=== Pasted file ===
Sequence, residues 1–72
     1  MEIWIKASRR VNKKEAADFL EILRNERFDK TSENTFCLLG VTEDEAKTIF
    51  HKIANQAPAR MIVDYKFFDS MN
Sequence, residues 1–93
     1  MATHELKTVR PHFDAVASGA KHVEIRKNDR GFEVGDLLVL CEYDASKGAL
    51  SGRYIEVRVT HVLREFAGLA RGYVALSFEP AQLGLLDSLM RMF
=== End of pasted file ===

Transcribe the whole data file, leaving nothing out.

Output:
Sequence, residues 1–72
     1  MEIWIKASRR VNKKEAADFL EILRNERFDK TSENTFCLLG VTEDEAKTIF
    51  HKIANQAPAR MIVDYKFFDS MN
Sequence, residues 1–93
     1  MATHELKTVR PHFDAVASGA KHVEIRKNDR GFEVGDLLVL CEYDASKGAL
    51  SGRYIEVRVT HVLREFAGLA RGYVALSFEP AQLGLLDSLM RMF